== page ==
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Q&A with Joachim Theis, Adolescent Development and Participation Specialist: Children's citizenship and civil rights

© UNICEF/Holmes
Mani Lin, 12 year olds from Phonekeo Vitaya school, tells a story to the audience during international world water day held in Vientiane.

Q&A with Joachim Theis, UNICEF Adolescent Development and Participation Specialist

As the UNICEF Adolescent Development and Participation Specialist, Joachim Theis has been working with an inter-agency group, based in Bangkok, to develop a ten-chapter programme and policy guide on children’s citizenship and civil rights that will be used for advocacy in the region and beyond. Other agencies involved in this initiative include Save the Children UK, Save the Children Sweden, Plan International, World Vision, ECPAT, Knowing Children, Child Helpline International and Ashoka. Here he speaks about the need for developing children’s and young people’s citizenship and sense of civic responsibility.

Q: As a children’s participation specialist, are you trying to re-define what is meant by participation with this emphasis on children’s citizenship and civil rights?

A: The reason we’re talking about children’s civil rights and citizenship is because the term ‘participation’ has largely lost its meaning. It’s become so broad and vague and everyone understands something different by the term. In many contexts, ‘participation’ has been reduced to children involved in conferences, children as peer educators and children as journalists. In some ways, we’ve gotten stuck on this level. To get us unstuck on children’s participation, we need to take a broader look at the connections between education, health, HIV-prevention, protection and emergency programmes and children’s civil rights and citizenship.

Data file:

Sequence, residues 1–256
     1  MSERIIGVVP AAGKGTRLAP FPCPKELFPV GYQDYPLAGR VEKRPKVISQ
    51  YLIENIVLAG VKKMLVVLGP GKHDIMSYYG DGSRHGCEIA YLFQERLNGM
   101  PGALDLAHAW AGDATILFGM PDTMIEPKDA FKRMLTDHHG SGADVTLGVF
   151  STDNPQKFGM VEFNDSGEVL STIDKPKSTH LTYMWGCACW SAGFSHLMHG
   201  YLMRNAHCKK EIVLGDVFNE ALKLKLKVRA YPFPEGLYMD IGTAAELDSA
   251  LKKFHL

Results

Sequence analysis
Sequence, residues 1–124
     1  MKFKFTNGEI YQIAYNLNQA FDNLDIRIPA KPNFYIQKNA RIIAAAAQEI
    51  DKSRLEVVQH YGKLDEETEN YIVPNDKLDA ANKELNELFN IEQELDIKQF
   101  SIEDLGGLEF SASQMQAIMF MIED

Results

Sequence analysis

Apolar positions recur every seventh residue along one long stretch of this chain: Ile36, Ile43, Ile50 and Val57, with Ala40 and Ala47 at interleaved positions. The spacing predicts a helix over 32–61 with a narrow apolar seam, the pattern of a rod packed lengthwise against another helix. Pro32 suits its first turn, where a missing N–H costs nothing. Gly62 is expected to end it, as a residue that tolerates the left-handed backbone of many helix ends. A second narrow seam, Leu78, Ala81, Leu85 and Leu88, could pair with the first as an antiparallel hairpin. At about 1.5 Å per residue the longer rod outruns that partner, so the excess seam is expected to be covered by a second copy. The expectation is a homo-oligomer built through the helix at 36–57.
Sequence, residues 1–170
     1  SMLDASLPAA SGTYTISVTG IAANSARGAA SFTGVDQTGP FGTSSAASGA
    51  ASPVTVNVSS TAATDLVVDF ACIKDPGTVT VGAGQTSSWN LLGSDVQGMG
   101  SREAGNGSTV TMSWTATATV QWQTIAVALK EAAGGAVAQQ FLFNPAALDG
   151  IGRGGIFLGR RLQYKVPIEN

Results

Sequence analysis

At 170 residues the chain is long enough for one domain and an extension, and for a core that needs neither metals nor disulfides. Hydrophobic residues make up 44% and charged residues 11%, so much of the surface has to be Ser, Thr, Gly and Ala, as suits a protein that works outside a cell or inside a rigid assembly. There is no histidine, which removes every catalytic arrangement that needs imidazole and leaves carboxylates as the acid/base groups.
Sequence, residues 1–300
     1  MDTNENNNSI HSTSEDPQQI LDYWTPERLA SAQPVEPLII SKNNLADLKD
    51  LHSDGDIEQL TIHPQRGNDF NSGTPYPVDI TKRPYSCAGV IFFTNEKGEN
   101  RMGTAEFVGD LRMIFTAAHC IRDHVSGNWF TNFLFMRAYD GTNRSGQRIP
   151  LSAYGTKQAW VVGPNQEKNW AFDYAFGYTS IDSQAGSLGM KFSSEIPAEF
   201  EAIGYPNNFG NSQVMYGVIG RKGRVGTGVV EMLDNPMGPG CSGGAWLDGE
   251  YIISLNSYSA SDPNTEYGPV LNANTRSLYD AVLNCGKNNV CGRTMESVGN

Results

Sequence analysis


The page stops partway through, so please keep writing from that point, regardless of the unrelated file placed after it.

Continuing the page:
Children’s participation has largely been promoted as an add-on to existing programmes. We are looking at children’s citizenship and civil rights as an essential prerequisite for children to develop and to realize their rights to protection, health and education.

Q: What are you talking about when you say civil rights?

A: The Convention on the Rights of the Child affirms children’s civil rights to information, to expression, to their opinion and thought, to decision making, to form and join associations, to identity and nationality, to privacy and to protection from torture.  Our guide breaks those rights down more specifically: identity (birth and civil registration); expression of opinion at home and in schools and institutions; access to information; effective complaints mechanisms; justice for children as plaintiffs, witnesses and as perpetrators; and the protection of economic rights, such as inheritance rights.

Like all other human rights treaties, the CRC focuses on rights. It does not define children’s responsibilities. This is a limitation when we are trying to understand children’s citizenship and civil rights and link them with child and adolescent development (which puts a lot of emphasis on children’s responsibilities).

© UNICEF EAPRO/Youkonton R
Young people participate in the 7th East Asia and Pacific Ministerial Consultation on Children in Cambodia on 25 March 2005.

Q: There are still considerable pockets of poverty in this region – would greater attention to children's civil rights divert from efforts to fulfill their basic rights?

Civil rights are essential to realize other rights and the CRC recognizes the close links between civil, economic and social rights. For example, you cannot realize the right to health, which is an economic and social right, without realizing the right to information (a civil right). If you’re denied access to health information (for example, on HIV infection or about avian flu), then you can’t protect yourself from infection.

Last year, the World Bank published the World Development Report on Youth. The report includes a chapter on young people’s citizenship and highlights the importance of developing responsible and socially aware young people. This is not a luxury. It is a social and economic necessity, and most governments in the region understand this. The Chinese Government, for example, is implementing far-reaching education reforms in order to develop an innovative and creative workforce. Teachers are now expected to encourage students to ask critical questions and to develop their own thoughts.

Q: Why should it address responsibility?

A: Dominant approaches to children’s protection looks at them as helpless victims and as vulnerable beings in need of safeguarding. They do not consider children’s own ability to take actions. On the other hand, when we consider children as citizens and as having civil rights we see them as social actors who contribute to their communities societies. We are thus faced with two contradictory and competing concepts of children and of childhood.